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RE: FW: Q: Weld QA/QC per FEMA 350

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Thank you for your comments and consideration of my question.
Catherine

-----Original Message-----
From: THunt(--nospam--at)absconsulting.com [mailto:THunt(--nospam--at)absconsulting.com]
Sent: Tuesday, April 13, 2004 12:29 PM
To: seaint(--nospam--at)seaint.org
Subject: Re: FW: Q: Weld QA/QC per FEMA 350



Catherine, 

I have used both the FEMA 350 welded WUF-W and the bolted end plate WFP
moment connections.  My experience is that it is more a construction
preference more than anything else.  In heavy industrial work, especially
petrochemical and power, most of the moment connections are bolted end
plate.  I used this on a large power plant facility and the field loved it.
The structures went up very fast and the critical welds were made in the
shop under potentially better quality control measures.  We used twist-off
bolts and every morning the field engineer tested a random sample of bolts
in a Skidmore to provide documented QC.  In the commercial (buildings) world
they almost exclusively use welded connections.  I once suggested a bolted
moment connection for a large bay single story building structure and all I
got was an open jaw and bug eyed response. 

Just to clarify my previous response, FEMA 350/353 are not part of the code.
However some jurisdiction, but not all, will accept the FEMA 350 connections
as meeting the UBC requirements for "tested" connections.  Be sure and
verify which ones, if any, of the FEMA 350 connections are acceptable to
your building official. 

If you choose to use the bolted end plate (WFP) connection, note that there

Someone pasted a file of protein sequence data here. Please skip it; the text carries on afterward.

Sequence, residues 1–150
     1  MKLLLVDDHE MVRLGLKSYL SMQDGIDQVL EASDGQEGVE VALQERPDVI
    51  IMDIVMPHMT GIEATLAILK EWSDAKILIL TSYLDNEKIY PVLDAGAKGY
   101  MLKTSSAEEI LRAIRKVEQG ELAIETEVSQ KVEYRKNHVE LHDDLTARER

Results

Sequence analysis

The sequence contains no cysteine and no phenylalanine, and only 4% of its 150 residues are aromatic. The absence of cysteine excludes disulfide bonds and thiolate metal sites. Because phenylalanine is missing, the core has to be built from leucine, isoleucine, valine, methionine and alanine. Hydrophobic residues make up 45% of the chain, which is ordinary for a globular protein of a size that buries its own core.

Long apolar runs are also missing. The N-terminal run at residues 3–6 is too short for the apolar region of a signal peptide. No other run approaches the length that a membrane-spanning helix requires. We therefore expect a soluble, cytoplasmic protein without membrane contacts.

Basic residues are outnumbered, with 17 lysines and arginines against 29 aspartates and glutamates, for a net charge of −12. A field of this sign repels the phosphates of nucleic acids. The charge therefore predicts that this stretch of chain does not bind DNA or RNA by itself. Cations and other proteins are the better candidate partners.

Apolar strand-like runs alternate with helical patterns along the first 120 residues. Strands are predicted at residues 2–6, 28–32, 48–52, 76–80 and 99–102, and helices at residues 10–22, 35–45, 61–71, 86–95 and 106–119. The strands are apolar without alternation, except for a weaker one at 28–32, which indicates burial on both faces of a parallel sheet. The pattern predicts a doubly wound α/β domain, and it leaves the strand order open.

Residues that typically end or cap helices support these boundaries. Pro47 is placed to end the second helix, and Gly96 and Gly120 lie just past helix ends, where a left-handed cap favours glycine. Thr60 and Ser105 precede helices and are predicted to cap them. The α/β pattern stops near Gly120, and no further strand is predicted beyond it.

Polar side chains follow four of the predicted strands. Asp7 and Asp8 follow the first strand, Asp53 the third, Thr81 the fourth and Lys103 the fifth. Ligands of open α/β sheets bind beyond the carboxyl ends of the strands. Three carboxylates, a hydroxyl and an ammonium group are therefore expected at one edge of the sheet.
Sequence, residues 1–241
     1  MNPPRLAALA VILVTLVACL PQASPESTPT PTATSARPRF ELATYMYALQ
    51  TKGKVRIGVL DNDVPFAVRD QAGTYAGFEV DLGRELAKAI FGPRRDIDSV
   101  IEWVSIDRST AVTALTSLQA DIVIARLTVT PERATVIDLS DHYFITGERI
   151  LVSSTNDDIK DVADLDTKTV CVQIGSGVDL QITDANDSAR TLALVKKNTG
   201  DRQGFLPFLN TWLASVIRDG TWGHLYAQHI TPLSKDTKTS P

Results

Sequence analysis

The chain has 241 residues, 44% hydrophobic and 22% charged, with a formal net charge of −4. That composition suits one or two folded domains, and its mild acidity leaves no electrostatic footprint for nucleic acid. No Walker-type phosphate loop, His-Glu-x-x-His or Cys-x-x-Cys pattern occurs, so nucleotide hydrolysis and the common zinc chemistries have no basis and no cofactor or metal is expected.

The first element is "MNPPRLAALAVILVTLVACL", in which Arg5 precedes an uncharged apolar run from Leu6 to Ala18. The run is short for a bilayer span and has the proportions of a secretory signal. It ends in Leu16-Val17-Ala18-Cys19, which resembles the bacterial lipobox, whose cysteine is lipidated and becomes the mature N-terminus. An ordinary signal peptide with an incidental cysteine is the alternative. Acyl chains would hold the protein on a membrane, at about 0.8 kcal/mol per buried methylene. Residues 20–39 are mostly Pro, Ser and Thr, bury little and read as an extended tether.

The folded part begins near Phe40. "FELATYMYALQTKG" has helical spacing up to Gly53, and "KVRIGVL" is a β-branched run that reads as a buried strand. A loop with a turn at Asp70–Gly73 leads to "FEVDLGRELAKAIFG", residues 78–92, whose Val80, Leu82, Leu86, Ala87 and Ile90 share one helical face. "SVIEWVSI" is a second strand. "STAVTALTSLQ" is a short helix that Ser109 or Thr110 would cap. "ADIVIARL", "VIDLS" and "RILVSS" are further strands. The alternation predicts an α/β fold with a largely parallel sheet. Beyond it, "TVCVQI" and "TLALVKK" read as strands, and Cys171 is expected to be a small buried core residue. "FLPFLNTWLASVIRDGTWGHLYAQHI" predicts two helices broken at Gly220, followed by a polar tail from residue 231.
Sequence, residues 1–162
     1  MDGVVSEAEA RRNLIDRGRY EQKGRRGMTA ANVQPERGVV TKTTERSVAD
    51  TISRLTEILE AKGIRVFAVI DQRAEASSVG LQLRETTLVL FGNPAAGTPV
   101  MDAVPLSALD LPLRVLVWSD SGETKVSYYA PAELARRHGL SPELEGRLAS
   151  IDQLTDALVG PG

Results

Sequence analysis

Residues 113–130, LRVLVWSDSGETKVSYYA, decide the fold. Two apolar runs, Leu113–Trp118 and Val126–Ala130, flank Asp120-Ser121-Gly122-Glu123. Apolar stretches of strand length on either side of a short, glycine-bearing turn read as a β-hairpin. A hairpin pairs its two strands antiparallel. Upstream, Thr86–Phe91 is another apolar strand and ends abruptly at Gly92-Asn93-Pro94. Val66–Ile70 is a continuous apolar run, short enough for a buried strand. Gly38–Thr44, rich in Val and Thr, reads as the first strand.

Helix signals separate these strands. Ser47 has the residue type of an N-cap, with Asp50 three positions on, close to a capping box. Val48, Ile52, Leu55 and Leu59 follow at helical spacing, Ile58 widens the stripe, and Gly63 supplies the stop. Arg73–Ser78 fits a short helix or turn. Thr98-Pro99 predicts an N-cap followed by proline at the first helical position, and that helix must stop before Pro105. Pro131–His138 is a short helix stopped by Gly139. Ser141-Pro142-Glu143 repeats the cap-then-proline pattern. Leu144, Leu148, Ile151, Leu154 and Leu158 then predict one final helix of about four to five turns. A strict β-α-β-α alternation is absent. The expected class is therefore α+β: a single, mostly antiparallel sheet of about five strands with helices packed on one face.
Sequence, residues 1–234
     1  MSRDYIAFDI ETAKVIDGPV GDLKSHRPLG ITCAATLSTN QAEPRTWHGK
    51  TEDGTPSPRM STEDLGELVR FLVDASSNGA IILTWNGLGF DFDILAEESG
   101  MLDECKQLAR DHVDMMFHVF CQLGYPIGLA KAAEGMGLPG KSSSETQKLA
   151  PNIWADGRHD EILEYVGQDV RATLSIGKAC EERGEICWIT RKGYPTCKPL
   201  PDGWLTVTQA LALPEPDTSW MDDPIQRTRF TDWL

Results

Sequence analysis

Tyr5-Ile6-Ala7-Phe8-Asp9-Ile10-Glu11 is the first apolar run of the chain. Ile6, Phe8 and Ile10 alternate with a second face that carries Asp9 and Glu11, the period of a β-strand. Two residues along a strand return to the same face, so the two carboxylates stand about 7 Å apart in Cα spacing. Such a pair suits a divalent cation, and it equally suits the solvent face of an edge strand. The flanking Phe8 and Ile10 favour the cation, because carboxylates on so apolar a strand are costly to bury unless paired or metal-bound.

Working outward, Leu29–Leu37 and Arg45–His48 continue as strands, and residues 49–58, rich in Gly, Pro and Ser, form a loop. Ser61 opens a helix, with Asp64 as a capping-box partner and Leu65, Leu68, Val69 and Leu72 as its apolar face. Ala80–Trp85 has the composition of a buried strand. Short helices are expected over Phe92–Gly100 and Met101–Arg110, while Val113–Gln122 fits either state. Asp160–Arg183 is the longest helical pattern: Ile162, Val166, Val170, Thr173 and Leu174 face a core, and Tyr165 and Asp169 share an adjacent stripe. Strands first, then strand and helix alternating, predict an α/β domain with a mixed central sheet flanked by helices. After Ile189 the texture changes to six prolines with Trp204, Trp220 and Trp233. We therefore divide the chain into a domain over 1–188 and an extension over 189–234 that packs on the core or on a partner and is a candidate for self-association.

were a lot of bugs in the original equations.  Be sure and get the errata. 

Thomas Hunt, S.E. 
ABS Consulting 




Catherine Pagni <CPagni(--nospam--at)pacecivil.com> 
04/13/2004 12:03 PM Please respond to
<seaint(--nospam--at)seaint.org>

To"'seaint(--nospam--at)seaint.org'" <seaint(--nospam--at)seaint.org> 
cc
SubjectFW: Q: Weld QA/QC per FEMA 350







Thank you Tom.

Regarding the same WUF- welded web connection, the beam has a very shallow
depth. Would a bolted web connection be a better choice? Advice on selecting
between these connection is appreciated.

Thanks, Catherine


-----Original Message-----
From: THunt(--nospam--at)absconsulting.com [mailto:THunt(--nospam--at)absconsulting.com]
Sent: Tuesday, April 13, 2004 11:12 AM
To: seaint(--nospam--at)seaint.org
Subject: Re: Q: Weld QA/QC per FEMA 350



Catherine, 

The L and T indicate whether the weld is loaded Longitudinally or
Transversely.  This may change the NDE requirements as shown in Table 6.3 of
FEMA 353. 

As to whether you are allowed to use Omega forces or Beam Capacity will
depend on the Building Official.   I suggest you have a long talk with them.


Thomas Hunt, S.E. 
ABS Consulting 





Catherine Pagni <CPagni(--nospam--at)pacecivil.com> 


04/13/2004 10:51 AM 


Please respond to
<seaint(--nospam--at)seaint.org>



To
"'seaint(--nospam--at)seaint.org'" <seaint(--nospam--at)seaint.org> 

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Subject
Q: Weld QA/QC per FEMA 350

                




The engineer is required to specify the Seismic Weld Demand Category per
FEMA 350. Using the detail for WUF-W, the category is given for each weld as
QA/QC Category AH/T or BH/L or sim. I understand the BH indicates the
seismic demand/consequence category per table 6-1 FEMA 353. What does the T
or L indicate?

Second question; Where this building is located, the governing code is the
97 UBC. Can I detail the connection using the reacting moments due to the
lateral forces increased by Omega, 2.8, or must the internal forces be
calculated using the equations in FEMA 350 Section 3.2?

Your help is very much appreciated,
Catherine A Pagni, MSCE
PACE Civil, Inc.
Staff Engineer
1730 South St.
Redding, CA 96001
(530) 244-0202



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